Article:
In 2022, coal accounted for 55 percent of China’s primary energy consumption and 61 percent of its overall electricity mix. China is also largely self-sufficient in metallurgical coal used for steelmaking but imports the thermal coal used for electricity generation, especially in southern provinces.

China’s offshore wind development will, all things being equal, reduce its needs for imported and domestically produced thermal coal for electricity generation. This will be especially true during winter, when China’s offshore wind speeds and generation peak.

Interestingly, China has also stockpiled record levels of coal, with inventories tripling in the past two years, according to Australia’s Department of Industry, Science and Resources. China’s development of offshore wind and other renewables, as well as its stockpiling of coal inventories, may enable it to zero out coal imports much faster than many anticipate. A 2021 Australian National University paper by Jorrit Gosens, Alex Turnbull, and Frank Jotzo predicting reduced Chinese overseas coal imports appears highly prescient.

China’s offshore wind electricity generation will reduce thermal coal consumption, pollution and carbon dioxide emissions. These are highly positive developments.

At the same time, and less favorably, China’s development of offshore wind and other renewables will lessen its reliance on energy imports. Consequently, Beijing might become more risk-seeking, including vis-à-vis Taiwan.

Offshore wind could also impact China’s natural gas imports, as coastal provinces that rely on LNG for power generation will, all things being equal, reduce imports as offshore wind generation rises. Offshore wind electricity generation cannot replace all of China’s natural gas demand, however. Industry and heating comprised 42 percent and 33 percent of Chinese natural gas consumption in 2022; electricity accounted for only 17 percent. Meanwhile, LNG accounted for 25 percent of all Chinese natural gas consumption in 2022.

Moreover, China is building dozens of gigawatts of new gas-fired baseload power capacity along coastal provinces, along with new LNG import terminals, suggesting LNG for power burn could rise, at least over the medium term. While Chinese natural gas data is not transparent, offshore wind electricity generation cannot by itself eliminate LNG imports.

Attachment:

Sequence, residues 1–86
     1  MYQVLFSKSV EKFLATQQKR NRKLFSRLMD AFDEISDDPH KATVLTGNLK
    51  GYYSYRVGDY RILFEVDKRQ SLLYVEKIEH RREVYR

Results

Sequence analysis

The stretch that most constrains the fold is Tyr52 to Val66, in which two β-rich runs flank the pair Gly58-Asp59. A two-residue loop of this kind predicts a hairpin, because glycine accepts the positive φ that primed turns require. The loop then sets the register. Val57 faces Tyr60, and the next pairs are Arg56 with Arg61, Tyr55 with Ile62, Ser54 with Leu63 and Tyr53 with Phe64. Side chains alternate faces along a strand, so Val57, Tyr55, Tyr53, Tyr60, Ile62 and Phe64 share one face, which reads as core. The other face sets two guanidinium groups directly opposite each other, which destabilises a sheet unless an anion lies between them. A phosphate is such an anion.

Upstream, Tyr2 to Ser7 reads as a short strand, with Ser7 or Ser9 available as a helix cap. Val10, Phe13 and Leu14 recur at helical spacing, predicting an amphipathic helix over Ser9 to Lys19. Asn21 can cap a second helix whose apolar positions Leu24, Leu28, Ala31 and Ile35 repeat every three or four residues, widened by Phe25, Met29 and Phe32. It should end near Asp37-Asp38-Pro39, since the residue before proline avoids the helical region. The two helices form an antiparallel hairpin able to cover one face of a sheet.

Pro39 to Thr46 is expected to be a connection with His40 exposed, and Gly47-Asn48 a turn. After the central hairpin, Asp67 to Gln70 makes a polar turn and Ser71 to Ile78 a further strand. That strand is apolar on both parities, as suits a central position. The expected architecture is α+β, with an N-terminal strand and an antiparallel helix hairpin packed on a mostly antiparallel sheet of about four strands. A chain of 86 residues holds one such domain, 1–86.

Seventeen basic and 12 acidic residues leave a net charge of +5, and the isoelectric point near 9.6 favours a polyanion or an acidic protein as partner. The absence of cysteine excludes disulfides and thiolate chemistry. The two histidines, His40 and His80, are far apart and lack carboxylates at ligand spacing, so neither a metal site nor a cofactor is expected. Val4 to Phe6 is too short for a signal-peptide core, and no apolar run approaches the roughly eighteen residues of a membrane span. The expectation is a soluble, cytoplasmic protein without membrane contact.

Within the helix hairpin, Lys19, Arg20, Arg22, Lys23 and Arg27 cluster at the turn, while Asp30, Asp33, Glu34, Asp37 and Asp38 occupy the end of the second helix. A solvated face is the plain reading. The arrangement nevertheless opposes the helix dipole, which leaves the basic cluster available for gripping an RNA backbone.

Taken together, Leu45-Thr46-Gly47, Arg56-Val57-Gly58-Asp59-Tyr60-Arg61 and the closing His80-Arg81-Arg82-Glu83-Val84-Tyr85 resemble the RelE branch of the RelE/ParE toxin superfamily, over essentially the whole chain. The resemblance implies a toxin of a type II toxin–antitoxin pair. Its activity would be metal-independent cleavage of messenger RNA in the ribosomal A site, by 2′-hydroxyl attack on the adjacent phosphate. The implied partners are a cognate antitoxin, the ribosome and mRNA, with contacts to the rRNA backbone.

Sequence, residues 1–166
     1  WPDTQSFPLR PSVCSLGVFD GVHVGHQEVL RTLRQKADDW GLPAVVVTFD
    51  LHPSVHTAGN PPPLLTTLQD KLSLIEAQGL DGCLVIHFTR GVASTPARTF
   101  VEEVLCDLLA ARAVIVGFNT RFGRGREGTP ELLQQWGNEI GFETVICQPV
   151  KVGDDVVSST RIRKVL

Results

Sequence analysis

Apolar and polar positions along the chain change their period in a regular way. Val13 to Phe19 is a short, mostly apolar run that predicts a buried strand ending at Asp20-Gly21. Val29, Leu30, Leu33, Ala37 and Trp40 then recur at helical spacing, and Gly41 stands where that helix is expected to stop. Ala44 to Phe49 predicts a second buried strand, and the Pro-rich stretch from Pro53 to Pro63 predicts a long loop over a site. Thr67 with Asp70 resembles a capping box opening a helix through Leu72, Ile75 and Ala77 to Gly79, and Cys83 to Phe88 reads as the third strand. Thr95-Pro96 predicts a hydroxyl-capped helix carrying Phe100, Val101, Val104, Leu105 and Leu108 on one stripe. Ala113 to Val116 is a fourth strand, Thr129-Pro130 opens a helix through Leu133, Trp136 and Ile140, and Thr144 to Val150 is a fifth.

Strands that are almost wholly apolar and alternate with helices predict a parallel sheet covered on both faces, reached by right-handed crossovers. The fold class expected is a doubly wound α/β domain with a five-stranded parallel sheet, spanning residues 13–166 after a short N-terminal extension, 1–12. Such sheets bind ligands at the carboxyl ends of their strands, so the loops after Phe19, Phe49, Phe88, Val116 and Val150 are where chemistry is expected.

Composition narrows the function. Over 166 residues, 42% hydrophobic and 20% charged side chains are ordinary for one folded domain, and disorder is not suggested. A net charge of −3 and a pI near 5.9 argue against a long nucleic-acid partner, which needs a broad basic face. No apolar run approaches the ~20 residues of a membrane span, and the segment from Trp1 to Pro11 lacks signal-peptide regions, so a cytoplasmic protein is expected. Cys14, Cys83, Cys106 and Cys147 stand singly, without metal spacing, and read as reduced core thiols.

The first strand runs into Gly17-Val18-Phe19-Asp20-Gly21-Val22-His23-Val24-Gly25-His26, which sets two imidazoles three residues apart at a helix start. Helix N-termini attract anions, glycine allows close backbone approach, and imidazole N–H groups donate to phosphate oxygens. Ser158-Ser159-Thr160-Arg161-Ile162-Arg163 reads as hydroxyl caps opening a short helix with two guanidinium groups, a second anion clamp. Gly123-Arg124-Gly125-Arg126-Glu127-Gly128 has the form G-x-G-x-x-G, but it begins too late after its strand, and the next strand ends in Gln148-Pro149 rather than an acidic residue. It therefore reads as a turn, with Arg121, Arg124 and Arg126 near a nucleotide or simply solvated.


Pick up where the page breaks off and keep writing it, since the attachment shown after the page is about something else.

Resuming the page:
Renewables, heat pumps, and clean hydrogen could – and likely will – eventually eliminate China’s LNG demand, but these developments are very far off, for now, barring a dramatic policy shift.  

In sum, China’s offshore wind buildout is beneficial for the climate, yet it will also lessen Beijing’s reliance on hydrocarbon imports from Australia and the United States. Offshore wind will notably limit China’s exposure to Australia’s thermal coal exports. Western policymakers should continue to closely monitor Beijing’s energy security strategy for signs of potential aggression against Taiwan.

This article represents the authors’ personal opinions.

Joseph Webster is a senior fellow at the Atlantic Council’s Global Energy Center, where he leads the center’s efforts on Chinese energy security and specialises in energy geopolitics.

Zoe Leung is the former senior director of research at the George H. W. Bush Foundation for US-China Relations. 

This article appears courtesy of The Lowy Interpreter and may be found in its original form here.

The opinions expressed herein are the author's and not necessarily those of The Maritime Executive.